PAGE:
Homebrew includes a number of extensions (including intl and mbstring, used in Chapter 20), but also offers other PHP extensions for installation. Run brew search php70- to see a list of extension packages. Installing one of those extensions and its dependent libraries is as easy as running brew install with the extension package name. For example, brew install php70-gmp installs the GMP (GNU Multiple Pre­cision) extension for doing arbitrary-precision math with huge numbers.

Justin Hileman has more details on installing PHP with Homebrew.

2.2. Installing on Linux

Most Linux distributions come with PHP already installed or with binary PHP packages that you can install. For example, if you’re using Fedora Linux, use yum to install the php package. If you’re using Ubuntu, use apt-get to install the package. The most up-to-date PHP 5 package is php5, and at the time of writing, an official php7 package is not available yet. A well-supported PHP 7 package for Ubuntu is available from an alternate source. First, run sudo add-apt-repository ppa:ondrej/php and sudo apt-get update, and then you can install the php7.0 package with apt-get.

If those packages are out of date, you can build PHP yourself. Download the Current Stable .tar.gz package. From a shell prompt, uncompress and unpack the archive:

gunzip php-7.0.5.tar.gz

tar xvf php-7.0.5.tar

This creates a directory, php-7.0.5, that contains the PHP engine source code. Read the file INSTALL at the top level of the source code directory for detailed installation instructions. There is also an overview of PHP installation on Linux and Unix on, as well as instructions for installing PHP with Apache 2.0.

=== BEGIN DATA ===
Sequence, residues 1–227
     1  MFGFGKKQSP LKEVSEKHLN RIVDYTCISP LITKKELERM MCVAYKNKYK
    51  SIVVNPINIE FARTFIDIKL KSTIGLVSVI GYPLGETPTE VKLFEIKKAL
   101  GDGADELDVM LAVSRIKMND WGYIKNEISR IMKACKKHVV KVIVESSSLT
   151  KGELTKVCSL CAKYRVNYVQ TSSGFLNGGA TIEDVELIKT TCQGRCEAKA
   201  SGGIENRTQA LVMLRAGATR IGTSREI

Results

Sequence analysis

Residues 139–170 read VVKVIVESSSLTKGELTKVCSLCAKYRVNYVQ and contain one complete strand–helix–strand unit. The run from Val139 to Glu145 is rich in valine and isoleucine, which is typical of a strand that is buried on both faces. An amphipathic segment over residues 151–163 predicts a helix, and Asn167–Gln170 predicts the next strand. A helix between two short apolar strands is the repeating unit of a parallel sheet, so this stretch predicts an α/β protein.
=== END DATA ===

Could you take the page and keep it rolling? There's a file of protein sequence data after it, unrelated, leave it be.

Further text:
2.3. Installing on Windows

Installing PHP on Windows is a little different than on OS X or Linux. The assump­tions that the PHP engine can make about the things it needs when it’s being installed are different, as well as the tools that might be available for it to compile itself.

Fortunately, there are several good all-in-one packages that combine PHP, Apache, and MySQL for Windows. These include WampServer, the Bitnami WAMP Stack, and Apache Friends XAMPP.

Microsoft maintains a website devoted to running PHP with IIS. Additionally, the official PHP For Windows website has different versions of PHP for Windows avail­able for download.

3. Modifying PHP Configuration Directives

Earlier chapters in the book mention various PHP configuration directives. These are settings that affect the behavior of the PHP engine, such as how errors are reported, where the PHP engine looks for included files and extensions, and much more.

Read this section when you encounter a configuration directive you want to alter or are curious about how you can tweak the PHP engine’s settings (whether you are using PHP on your own computer or with a hosting provider). For example, chang­ing the output_buffering directive (as discussed in “Why setcookie() and ses­sion_start() Want to Be at the Top of the Page” on page 226) makes your life much easier if you are working with cookies and sessions.

The values of configuration directives can be changed in a few places: in the PHP engine’s php.ini configuration file, in Apache’s httpd.conf or .htaccess configuration files, and in your PHP programs. Not all configuration directives can be changed in all places. If you can edit your php.ini or httpd.conf file, it’s easiest to set PHP configu­ration directives there. But if you can’t change those files because of server permis­sions, then you can still change some settings in your PHP programs.